As a 1099 contractor, you are also eligible to deduct business expenses from your taxable income. Potential deductions can include your automobile, computers, printers, a home office, travel costs, uniforms and more. W-2 employees have far fewer opportunities for work-related expenses and cannot itemize any deductions until the expenses exceed 24% of their annual income.

Alternative Retirement Options

One of the major benefits of being a freelancer is the ability to make significantly higher retirement contributions, which is especially helpful for CRNAs whose extensive schooling deters them from working until a later age.

With a W-2 job, it is likely that you and your employer are both making contributions to a company sponsored retirement plan – like a 401(k) or 403(b). In 2019, the maximum contribution limit to 401(k)s, 403(b)s, and 457 retirement accounts increased from $18,500 to $19,000, plus a $6,000 catch-up allowance for contributors over age 50.  But even with maximum annual contributions, it may be difficult to fund a retirement comparable to the higher standard of living most CRNAs enjoy.

As a 1099 CRNA, there are a handful of different ways to help you save for retirement and simultaneously minimize some of your tax burden. For years, CPAs around the country pushed CRNAs to open SEP IRAs. However, this retirement plan type only allows the employer to contribute. So in order to make the maximum annual contribution to an SEP plan, a 1099 contractor would have to pay himself a higher salary therefore being exposed to higher income taxes.  With a maximum allowable contribution rate of 25% of total compensation, it would take a salary of almost $225,000 to take full advantage of the 2019 IRS contribution limit of $56,000!

However, a Solo 401(k) offers the same $56,000 contribution limit in 2019 (plus the $6,000 catch up for those over age 50) but allows for both employer and employee contributions. As a freelance CRNA who owns his or her own business, this means you can make contributions from both sides of the table. As an ‘employee’ of your company, you can contribute up to the same $19,000 IRS limit as if you were a W-2 employee (plus $6,000 catch up if over age 50).  However, a 1099 contractor can further leverage his or her business ownership by taking a profit-sharing approach to contributions whereby the corporation can make contributions up to 25% of total employee compensation. This allows CRNAs to make a higher annual contributions without maxing out their “reasonable salary” and paying higher taxes.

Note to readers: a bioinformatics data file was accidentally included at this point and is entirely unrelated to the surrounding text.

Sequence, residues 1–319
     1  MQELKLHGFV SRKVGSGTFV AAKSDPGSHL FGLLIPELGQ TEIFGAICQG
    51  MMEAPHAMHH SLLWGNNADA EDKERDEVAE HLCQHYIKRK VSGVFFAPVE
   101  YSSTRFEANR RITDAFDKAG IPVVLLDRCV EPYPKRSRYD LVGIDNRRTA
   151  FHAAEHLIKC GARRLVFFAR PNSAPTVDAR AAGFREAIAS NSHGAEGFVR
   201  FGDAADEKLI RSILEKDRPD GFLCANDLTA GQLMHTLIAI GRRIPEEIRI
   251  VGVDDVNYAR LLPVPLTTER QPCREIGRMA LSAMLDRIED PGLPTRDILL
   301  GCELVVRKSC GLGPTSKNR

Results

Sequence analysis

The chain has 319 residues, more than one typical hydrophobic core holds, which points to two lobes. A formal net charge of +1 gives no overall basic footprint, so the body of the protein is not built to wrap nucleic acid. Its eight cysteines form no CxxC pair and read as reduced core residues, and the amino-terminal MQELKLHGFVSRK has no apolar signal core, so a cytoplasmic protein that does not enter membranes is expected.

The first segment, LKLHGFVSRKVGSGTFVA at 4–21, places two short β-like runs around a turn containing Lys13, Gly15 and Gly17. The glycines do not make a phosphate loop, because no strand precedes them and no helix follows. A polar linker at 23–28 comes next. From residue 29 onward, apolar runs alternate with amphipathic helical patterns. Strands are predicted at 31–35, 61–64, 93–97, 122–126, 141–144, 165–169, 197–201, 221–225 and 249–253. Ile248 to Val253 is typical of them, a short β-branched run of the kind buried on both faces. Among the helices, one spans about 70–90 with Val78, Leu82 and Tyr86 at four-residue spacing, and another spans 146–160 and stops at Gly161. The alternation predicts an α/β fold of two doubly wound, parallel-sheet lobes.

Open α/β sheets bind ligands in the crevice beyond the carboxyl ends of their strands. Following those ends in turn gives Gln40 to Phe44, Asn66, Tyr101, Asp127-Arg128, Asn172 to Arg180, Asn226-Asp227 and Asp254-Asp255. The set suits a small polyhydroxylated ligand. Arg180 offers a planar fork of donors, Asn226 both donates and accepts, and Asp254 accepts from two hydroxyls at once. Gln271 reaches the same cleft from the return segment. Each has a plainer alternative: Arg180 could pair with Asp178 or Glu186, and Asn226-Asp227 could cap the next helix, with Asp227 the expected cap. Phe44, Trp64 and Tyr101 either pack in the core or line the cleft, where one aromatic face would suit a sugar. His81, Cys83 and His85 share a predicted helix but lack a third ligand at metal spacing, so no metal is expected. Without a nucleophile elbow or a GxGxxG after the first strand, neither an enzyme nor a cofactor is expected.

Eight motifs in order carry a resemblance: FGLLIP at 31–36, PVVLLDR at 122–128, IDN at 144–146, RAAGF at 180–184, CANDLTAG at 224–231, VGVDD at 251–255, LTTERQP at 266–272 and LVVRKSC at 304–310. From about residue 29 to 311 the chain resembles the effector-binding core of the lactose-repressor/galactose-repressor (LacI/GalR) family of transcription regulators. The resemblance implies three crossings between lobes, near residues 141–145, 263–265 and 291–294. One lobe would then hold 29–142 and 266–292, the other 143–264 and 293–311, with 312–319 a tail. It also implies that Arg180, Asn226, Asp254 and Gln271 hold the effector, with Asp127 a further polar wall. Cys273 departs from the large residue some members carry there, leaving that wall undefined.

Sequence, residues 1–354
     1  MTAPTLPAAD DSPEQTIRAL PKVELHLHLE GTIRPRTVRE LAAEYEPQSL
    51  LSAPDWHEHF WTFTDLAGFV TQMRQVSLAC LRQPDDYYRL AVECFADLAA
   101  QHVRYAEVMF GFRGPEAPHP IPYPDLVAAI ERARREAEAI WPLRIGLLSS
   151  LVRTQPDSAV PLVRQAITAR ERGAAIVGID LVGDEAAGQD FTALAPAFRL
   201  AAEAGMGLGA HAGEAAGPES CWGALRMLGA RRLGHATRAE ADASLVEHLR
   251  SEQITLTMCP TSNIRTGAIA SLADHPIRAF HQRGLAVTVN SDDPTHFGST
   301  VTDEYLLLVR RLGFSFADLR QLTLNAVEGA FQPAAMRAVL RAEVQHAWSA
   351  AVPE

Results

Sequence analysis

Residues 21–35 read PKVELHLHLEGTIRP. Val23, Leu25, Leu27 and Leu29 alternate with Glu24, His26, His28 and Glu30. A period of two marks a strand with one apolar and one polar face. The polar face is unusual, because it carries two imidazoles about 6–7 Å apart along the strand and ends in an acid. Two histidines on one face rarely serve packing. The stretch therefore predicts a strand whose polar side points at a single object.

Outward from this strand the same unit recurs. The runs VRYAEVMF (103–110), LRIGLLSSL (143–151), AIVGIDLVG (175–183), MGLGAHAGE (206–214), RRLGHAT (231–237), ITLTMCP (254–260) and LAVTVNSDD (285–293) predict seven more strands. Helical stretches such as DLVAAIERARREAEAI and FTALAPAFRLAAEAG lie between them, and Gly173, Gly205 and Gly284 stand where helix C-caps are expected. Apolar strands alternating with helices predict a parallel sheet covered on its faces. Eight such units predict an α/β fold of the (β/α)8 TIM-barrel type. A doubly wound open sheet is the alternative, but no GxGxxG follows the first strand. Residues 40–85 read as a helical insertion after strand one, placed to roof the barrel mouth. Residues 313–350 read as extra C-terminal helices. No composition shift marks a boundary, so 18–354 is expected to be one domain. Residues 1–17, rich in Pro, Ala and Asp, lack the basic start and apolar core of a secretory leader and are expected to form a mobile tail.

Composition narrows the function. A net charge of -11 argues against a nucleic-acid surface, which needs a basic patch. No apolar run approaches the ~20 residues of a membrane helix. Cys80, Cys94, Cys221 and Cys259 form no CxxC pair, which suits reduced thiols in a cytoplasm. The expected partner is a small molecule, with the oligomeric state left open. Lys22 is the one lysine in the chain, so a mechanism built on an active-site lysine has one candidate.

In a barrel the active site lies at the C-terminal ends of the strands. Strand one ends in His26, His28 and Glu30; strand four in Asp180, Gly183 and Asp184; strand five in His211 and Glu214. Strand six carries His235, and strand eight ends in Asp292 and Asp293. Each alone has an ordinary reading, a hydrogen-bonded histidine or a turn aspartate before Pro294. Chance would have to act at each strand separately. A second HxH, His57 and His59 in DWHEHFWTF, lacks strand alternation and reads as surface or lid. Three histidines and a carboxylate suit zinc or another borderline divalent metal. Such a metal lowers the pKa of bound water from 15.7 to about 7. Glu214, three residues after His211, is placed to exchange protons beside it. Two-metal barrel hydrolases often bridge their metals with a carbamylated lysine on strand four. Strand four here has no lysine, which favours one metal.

Defined benefit plans are also great vehicles for retirement saving when you have maxed out your 401(k) or IRA limits. Because defined benefit plans have much higher tax-advantaged contribution limits, they allow the employee to save hundreds of thousands toward retirement in a short period of time.

Whether you are a freelancer or a W-2 employee, it is likely that a combination of retirement and non-retirement accounts will be necessary to help you save for a comparable quality of life in your post-working years.

While freelancing may not be for everyone, don’t let the extra financial expenses be a deterrent! With proper planning and the help of a qualified financial and/or tax advisor experienced with 1099 CRNAs, you may be able to mitigate your increased tax burden and liability expenses while granting the potential for more flexibility, a higher income, as well as a more robustly funded retirement.

With decades of experience working exclusively with CRNAs, we have the knowledge to help you save more of your hard earned money and determine appropriate tax minimization strategies. If you encounter questions as you investigate some of these strategies, don’t hesitate to reach out to us. We’d be happy to help you review your options or offer guidance. You can call our office at 855.304.3748 or email [email protected]

Securities offered through LPL Financial, member FINRA/SIPC. Investment advice offered through Private Advisor Group, a registered investment advisor. CRNA Financial Planning and Private Advisor Group are separate entities from LPL Financial.

Private Advisor Group does not provide tax, legal or accounting advice. This material has been prepared for informational purposes only. Please consult your own tax, legal and accounting advisors.